If space is available, an eligible student must be admitted and enrolled on any day at any time of the day and must be counted as and considered a charter student immediately.  Open-enrollment charter schools cannot have specified days for admission and/or enrollment of students.  State law does not allow for a trial enrollment period at a public school; therefore, there can be no period of time in which a student attends a charter school without being enrolled as a charter school student.

II.  Withdrawal and Expulsion

 

A student who fails to comply with the charter school’s student code of conduct may not be administratively withdrawn.  If a student commits an expellable offense, as outlined in the student code of conduct, charter administrators may expel the student only after due process has been afforded to the student, and the charter holder board has determined that expulsion is the appropriate consequence.[10]  The charter holder shall notify the school district in which the student resides within three business days of any action expelling or withdrawing a student from the charter school.[11]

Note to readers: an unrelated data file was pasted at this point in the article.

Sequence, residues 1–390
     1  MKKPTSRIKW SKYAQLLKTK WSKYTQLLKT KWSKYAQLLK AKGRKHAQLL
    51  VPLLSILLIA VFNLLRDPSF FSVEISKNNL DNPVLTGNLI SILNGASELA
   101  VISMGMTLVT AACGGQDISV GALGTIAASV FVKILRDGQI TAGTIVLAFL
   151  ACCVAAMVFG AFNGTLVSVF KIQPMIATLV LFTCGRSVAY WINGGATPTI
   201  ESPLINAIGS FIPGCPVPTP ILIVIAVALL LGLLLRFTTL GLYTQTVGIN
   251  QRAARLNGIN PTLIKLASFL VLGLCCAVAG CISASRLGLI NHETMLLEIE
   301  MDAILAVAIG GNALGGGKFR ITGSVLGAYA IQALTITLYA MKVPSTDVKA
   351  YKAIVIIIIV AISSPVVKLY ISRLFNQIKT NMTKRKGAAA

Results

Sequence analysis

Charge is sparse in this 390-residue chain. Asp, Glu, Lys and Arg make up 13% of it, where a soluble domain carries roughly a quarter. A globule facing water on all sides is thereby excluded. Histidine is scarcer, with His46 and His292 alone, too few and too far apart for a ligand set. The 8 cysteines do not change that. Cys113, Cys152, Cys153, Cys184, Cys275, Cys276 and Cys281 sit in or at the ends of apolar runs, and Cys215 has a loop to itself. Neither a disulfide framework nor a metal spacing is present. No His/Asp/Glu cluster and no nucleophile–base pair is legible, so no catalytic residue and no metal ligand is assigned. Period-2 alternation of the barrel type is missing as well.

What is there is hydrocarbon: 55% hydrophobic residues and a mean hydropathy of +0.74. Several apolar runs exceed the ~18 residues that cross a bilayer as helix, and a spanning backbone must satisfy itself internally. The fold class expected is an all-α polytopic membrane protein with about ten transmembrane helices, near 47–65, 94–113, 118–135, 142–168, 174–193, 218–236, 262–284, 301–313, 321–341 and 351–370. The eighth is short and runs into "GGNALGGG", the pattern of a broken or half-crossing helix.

We hope this summary is helpful to you in preparing for the 2012-2013 school year.  If you have questions about the statutory provisions summarized in this letter, you are welcome to call the Office of Legal Services at (512) 463-9720.

 

Sincerely,

 

 

David Anderson, General Counsel

Texas Education Agency



[1] All statutory citations are to the Texas Education Code unless otherwise noted.

[2] See §12.117(a)(1).

[3] See §12.111(a)(14).

[4] See Id.

[5] See §12.117(a)(2) and (b).

[6] See 20 U.S.C. §7221i(1)(H); U.S. Dept. of Educ., Charter Schools Program, Non-regulatory Guidance at http://www2.ed.gov/programs/charter/nonregulatory-guidance.html.

 

[7] See §12.111(a)(6)

[8] See §12.1171

[9] See §12.111(a)(6)(A)

[10] See §12.131

[11] See 19 T.A.C. §100.1211(c)